Trigger Keyboard Maestro Palettes With A String

January 15, 2013

Trigger Keyboard Maestro Palettes With A String → via @_patrickwelker

I’m a big fan of text expansion. In the meantime a major part of my TextExpander snippets live in Keyboard Maestro. Here are my two main reasons why this is the case:

  1. Kaushik Gopal’s was the main reason why I finally started using Keyboard Maestro as a serious replacement for TextExpander. His article about using 2x SPACE as a suffix for string triggers initiated the spark and finally I could dismiss prefixes like , . - – I always had trouble remembering those.
  2. Keyboard Maestro brings the advantage of palettes to the table. This means I don’t have to remember countless hot key combinations, but get the chance to build sets of logically related groups

Why palettes and why text string triggers?

As I started building up my macro palettes for text expansion I noticed that I quickly ended up with more and more palettes. This also meant more hot keys to remember. I continued creating palettes until I reached a point where I simply failed to retain the dozen shortcuts I assigned and which I needed to call them up.

It is a fact that one already saves a lot of brain real estate for remembering hot keys since all there is to do is type one shortcut to bring up a palette which then again tells the user which letters or numbers he assigned to the actions that he put in the palette in question (e.g. M. Open Apple Mail).

What bugged me was that I couldn’t use string triggers for calling up a palette. When I want to expand text snippets it is certain that I’m inside of an text editor and that I’m in writing mode. Hot keys are fast, but they throw me off track and interrupt my flow – last but not least because I have to come up with the correct hot key. Most times a logically related group would be more ideal for keeping me focused. For instance fruit SPACE SPACE could open a palette like:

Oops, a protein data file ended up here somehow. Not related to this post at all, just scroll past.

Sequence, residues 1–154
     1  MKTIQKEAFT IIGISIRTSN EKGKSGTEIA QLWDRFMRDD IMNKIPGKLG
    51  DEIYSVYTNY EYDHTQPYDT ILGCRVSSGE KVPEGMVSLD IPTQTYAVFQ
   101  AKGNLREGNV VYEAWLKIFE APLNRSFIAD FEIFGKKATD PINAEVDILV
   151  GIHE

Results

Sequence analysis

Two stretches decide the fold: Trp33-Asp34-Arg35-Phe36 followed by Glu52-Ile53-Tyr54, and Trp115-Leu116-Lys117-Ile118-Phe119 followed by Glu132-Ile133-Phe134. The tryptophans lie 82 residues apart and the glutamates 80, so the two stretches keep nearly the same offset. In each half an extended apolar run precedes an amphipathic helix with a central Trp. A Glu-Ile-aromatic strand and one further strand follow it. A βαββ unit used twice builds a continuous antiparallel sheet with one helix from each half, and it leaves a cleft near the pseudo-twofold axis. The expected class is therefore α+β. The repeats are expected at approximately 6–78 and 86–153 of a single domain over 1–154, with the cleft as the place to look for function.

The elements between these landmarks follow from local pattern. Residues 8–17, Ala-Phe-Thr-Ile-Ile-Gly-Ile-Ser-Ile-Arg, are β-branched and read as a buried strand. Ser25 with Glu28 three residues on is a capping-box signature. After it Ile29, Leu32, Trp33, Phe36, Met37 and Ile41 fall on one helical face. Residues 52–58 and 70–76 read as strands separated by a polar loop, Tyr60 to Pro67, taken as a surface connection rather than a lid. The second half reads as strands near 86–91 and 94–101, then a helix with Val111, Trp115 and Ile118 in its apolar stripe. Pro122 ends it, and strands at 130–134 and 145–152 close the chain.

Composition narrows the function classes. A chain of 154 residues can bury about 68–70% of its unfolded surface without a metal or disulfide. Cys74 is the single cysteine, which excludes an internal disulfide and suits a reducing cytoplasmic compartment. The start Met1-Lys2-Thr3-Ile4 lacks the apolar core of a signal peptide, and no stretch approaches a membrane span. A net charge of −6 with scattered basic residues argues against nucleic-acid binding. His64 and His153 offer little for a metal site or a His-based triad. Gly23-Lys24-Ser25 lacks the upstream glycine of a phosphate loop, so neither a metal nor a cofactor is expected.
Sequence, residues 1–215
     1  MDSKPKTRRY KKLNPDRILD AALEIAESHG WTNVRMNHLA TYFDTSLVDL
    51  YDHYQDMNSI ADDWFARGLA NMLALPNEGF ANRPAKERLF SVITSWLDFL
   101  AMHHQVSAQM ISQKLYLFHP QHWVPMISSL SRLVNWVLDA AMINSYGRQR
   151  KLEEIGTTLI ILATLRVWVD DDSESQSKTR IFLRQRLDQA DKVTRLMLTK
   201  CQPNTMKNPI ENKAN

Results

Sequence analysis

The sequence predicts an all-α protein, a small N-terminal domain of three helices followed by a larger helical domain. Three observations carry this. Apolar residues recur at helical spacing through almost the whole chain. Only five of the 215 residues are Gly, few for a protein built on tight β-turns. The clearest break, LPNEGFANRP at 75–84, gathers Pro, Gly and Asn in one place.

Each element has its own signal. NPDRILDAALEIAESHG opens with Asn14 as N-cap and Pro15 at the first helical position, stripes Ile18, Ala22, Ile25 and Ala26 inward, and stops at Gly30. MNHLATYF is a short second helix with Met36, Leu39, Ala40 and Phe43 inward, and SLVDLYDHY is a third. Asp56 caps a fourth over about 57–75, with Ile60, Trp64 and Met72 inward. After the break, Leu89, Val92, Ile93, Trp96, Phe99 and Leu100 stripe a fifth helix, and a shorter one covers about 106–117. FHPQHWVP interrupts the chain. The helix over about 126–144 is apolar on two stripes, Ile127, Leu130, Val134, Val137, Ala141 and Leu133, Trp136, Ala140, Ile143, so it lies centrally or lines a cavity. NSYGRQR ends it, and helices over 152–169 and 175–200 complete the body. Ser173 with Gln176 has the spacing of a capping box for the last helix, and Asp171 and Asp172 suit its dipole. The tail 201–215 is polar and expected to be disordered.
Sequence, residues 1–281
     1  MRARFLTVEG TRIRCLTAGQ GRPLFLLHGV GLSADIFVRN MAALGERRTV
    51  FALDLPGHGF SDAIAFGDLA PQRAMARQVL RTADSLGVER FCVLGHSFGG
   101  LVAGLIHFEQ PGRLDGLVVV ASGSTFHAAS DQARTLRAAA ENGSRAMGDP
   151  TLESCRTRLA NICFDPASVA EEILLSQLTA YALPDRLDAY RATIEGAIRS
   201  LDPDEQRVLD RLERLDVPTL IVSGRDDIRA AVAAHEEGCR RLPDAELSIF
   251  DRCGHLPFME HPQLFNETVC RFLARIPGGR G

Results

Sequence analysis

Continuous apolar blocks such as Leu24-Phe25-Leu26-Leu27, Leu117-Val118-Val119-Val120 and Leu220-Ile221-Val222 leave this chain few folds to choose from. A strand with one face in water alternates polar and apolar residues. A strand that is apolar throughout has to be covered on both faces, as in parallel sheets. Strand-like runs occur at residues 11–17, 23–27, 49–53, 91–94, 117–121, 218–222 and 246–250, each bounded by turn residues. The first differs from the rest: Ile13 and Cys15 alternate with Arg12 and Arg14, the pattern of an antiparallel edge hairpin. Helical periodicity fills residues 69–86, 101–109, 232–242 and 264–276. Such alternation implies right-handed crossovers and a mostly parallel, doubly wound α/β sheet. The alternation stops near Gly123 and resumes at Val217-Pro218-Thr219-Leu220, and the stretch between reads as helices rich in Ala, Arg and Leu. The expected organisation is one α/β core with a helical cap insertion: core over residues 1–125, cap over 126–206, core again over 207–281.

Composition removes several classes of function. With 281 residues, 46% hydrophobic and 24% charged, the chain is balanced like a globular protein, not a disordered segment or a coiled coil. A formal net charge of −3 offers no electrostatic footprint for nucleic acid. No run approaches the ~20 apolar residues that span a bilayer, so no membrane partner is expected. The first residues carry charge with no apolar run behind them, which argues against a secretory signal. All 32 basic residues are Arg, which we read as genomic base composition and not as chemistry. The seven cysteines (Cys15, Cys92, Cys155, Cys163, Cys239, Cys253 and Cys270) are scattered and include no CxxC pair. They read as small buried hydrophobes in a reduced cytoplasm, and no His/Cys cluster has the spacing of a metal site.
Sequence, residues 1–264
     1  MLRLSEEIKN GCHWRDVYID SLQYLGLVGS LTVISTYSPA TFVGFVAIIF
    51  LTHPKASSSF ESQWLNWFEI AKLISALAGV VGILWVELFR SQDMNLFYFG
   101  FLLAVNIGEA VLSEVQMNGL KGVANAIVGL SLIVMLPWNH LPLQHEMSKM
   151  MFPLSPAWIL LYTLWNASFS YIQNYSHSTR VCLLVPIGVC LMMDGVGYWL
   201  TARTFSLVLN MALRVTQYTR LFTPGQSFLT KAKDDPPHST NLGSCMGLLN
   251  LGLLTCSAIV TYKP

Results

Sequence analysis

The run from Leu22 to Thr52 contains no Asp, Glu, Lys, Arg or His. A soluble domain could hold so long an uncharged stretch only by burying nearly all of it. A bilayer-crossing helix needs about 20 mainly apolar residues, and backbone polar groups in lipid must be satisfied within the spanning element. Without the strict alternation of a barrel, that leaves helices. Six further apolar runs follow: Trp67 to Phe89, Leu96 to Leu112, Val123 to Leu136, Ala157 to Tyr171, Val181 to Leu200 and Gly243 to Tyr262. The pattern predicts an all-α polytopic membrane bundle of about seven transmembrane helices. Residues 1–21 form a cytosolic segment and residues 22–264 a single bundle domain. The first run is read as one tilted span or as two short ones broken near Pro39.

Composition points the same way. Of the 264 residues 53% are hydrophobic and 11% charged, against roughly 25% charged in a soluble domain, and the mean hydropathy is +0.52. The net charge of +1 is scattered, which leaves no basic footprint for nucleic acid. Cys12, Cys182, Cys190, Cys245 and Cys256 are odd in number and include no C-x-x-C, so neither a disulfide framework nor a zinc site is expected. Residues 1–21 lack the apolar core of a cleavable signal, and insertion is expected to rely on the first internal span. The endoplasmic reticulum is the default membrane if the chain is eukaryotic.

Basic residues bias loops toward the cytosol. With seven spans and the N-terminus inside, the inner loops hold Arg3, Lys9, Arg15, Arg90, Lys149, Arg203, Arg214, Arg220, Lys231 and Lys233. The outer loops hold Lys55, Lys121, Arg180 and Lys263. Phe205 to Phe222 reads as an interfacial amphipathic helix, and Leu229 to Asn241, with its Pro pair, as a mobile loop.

• apple
  • banana
  • cherry
  • dragon fruit
  • elderberry
  • fig

This is more reasonable for me to grasp and my mental lexicon has no troubles recalling this information.

For those of you who prefer to see this in action I put together a short 18 second screencast:

How to do this?

  1. Create a normal Keyboard Maestro group – mine is called “Hot Triggers: Strings for Palettes”. All palettes you would like to summon with a string should go in this group. km-hot-triggers
  2. Copy the macro from the screen shot above. This macro is trigger via a string – here emoticon SPACE SPACE.
  3. All that is left to do is adding an AppleScript which simulates pressing the hot key combination – choose a complicated one which doesn’t get triggered by accident. I choose: cmd+opt+shift+ctrl+6.
  4. Now start building your palette like this: km-emoticons
  5. Lastly, create your text expansion macros: km-te

Side note

If you want to take the shortcut and export your TextExpander snippets as Keyboard Maestro macros then visit Nik’s Crappy Blog for an AppleScript which does just that – it literally saved me a ton of work.


Keyboard Maestro doesn’t support this feature officially. This hack isn’t intended and that’s why Peter Lewis, the developer behind Keyboard Maestro has given me these words of wisdom – it’s a warning a you should read it too:

I don’t think I’d support string triggers for palettes, for the same reason that multiple matching string triggers that generate a conflict palette disable the deletes. The reason is that the deletes are potentially wildly dangerous (eg, imagine if they appeared when you have mail messages or files selected).

So typed string triggers with deletes are only used if I can be reasonably sure you’re still where you typed the string (and I rely on you to be sure you only type it in a typing context).

I used Hot String Triggers for palettes for quite some time now – so far nothing went pear shaped, but this must not mean your text is save if you are a fast app switcher or trigger too many stuff at once.

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